way which is called heresy. His sons are, first, That, in the various plagues prayers, too, we cannot but think, have in with which the country has been afflicted, I some instances been answered and his ef have by the overruling providence of God forts blessed to the conversion of souls. been brought inlo much more contact with The establishment of a mission family or the Greeks than with the Armenians: and two there would greatly strengthen his secondly, That, as regards Lancasterian hands, and give respectability to the cause schools, i had absolutely nothing to begin he advocates. Wore it not for his poverty, with among the Armenians-no lessons, no he tells me, be might even now have a great suitable books, no master; nor could I well deal of respectable company, which he can give them an idea of the system without a not at present invite to his house. He living model, such a model as these Greek thinks, though we must make some allow- schools do actually present. In an interance for the sanguineness of his disposition, view, which I had with the Armenian pathat an evangelical church would soon be triarch, soon after my arrival at Constantigathered at Sidon, if a missionary were nople, he spoke favorably of such schools, established there.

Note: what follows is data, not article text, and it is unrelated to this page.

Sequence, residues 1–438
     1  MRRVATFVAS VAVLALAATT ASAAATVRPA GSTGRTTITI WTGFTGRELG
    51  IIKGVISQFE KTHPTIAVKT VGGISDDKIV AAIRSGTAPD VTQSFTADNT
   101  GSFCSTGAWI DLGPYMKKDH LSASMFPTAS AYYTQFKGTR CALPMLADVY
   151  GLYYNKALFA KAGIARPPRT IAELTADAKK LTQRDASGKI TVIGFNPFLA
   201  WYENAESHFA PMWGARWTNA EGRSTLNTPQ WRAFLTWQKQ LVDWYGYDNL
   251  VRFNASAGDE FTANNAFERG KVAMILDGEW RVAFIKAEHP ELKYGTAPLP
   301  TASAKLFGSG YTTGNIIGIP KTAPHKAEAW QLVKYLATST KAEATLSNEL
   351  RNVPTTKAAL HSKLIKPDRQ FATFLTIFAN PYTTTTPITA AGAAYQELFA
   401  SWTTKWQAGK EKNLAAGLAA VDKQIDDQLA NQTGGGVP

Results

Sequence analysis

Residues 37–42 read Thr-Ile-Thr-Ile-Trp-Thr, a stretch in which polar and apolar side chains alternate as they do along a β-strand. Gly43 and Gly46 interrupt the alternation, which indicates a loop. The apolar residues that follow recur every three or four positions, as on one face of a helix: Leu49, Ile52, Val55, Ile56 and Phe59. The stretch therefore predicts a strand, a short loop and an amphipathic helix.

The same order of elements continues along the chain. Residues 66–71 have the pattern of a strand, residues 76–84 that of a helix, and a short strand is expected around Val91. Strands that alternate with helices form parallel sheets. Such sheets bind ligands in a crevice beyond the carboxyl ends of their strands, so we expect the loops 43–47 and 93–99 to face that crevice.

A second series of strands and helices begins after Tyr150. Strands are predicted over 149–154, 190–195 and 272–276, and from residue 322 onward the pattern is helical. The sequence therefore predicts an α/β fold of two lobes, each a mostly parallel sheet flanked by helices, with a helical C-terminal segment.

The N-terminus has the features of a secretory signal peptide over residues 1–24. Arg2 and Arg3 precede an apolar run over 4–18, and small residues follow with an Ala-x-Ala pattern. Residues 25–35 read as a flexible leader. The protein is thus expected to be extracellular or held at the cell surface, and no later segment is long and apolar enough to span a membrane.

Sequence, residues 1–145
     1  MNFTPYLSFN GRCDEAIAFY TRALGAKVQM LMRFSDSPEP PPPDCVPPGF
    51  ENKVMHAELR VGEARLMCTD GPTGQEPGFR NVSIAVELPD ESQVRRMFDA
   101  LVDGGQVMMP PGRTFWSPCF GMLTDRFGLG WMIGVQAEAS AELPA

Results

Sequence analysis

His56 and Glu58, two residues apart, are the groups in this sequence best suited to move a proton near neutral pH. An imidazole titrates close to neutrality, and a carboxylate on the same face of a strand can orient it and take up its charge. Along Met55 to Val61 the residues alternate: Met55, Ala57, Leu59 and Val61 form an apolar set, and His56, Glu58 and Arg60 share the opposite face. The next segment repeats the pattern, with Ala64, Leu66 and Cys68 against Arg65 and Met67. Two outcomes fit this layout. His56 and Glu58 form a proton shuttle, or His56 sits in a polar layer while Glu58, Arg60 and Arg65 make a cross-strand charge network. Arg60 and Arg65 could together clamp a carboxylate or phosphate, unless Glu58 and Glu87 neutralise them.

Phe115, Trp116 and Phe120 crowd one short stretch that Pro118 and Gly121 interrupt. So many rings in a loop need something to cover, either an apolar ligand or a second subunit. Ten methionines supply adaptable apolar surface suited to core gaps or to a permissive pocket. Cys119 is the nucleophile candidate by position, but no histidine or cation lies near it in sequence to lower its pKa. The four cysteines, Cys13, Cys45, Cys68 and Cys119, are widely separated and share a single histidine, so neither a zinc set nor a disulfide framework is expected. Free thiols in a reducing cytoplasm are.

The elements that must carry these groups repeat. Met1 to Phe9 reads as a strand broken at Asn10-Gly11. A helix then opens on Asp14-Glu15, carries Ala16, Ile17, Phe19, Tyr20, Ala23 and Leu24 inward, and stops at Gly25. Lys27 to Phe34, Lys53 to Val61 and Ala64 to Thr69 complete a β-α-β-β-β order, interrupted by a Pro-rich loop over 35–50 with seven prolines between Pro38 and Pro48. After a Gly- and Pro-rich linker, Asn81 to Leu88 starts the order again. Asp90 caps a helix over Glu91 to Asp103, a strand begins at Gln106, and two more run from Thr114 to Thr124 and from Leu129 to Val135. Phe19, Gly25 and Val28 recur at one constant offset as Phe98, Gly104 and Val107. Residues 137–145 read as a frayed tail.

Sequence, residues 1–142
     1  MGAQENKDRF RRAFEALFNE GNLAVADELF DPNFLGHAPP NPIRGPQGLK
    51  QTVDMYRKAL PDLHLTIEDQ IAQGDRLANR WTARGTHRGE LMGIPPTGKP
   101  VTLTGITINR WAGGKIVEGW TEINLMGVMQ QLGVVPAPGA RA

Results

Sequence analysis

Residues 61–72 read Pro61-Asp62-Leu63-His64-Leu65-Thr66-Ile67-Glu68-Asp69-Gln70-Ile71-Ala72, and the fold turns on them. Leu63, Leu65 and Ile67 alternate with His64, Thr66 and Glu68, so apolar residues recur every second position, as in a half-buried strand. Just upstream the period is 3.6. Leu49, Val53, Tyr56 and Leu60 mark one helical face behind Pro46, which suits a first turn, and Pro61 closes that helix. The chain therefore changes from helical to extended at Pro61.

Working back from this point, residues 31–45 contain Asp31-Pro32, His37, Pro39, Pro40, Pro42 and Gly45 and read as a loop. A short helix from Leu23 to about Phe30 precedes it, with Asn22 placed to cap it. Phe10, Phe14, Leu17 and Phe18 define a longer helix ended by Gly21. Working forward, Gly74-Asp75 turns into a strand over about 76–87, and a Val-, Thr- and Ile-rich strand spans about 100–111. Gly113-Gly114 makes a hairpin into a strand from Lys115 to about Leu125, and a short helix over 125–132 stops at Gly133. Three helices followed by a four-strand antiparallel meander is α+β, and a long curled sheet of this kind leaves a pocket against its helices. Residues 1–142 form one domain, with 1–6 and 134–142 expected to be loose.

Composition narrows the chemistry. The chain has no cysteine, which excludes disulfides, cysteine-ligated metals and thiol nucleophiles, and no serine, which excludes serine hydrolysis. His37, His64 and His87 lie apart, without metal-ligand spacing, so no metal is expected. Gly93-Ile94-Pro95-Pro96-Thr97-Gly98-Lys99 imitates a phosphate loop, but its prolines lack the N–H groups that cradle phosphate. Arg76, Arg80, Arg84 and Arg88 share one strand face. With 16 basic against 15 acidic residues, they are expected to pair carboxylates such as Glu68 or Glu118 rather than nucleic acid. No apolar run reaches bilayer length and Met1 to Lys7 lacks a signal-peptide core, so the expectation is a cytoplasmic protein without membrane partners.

and wished us to take some Armenian 1
regret exceedingly that W.'s blindness priests or schoolmasters, and instruct them (for he is almost blind) prevents his keeping in the system. Those terrible dispensations a journal. I have no doubt he might have of heaven, which sron followed, interrupted written much during the past year or two
the plans we were maturing for their good, that would have been interesiing to the and for a season cut off, in a great measure, reader of missionary intelligence.
all intercourse with them. Indeed since Tripoli, also, might be occupied. The the burning of Pera, and the consequent population consists principally of Greeks. Il dispersion of its inhabitants, I have not seen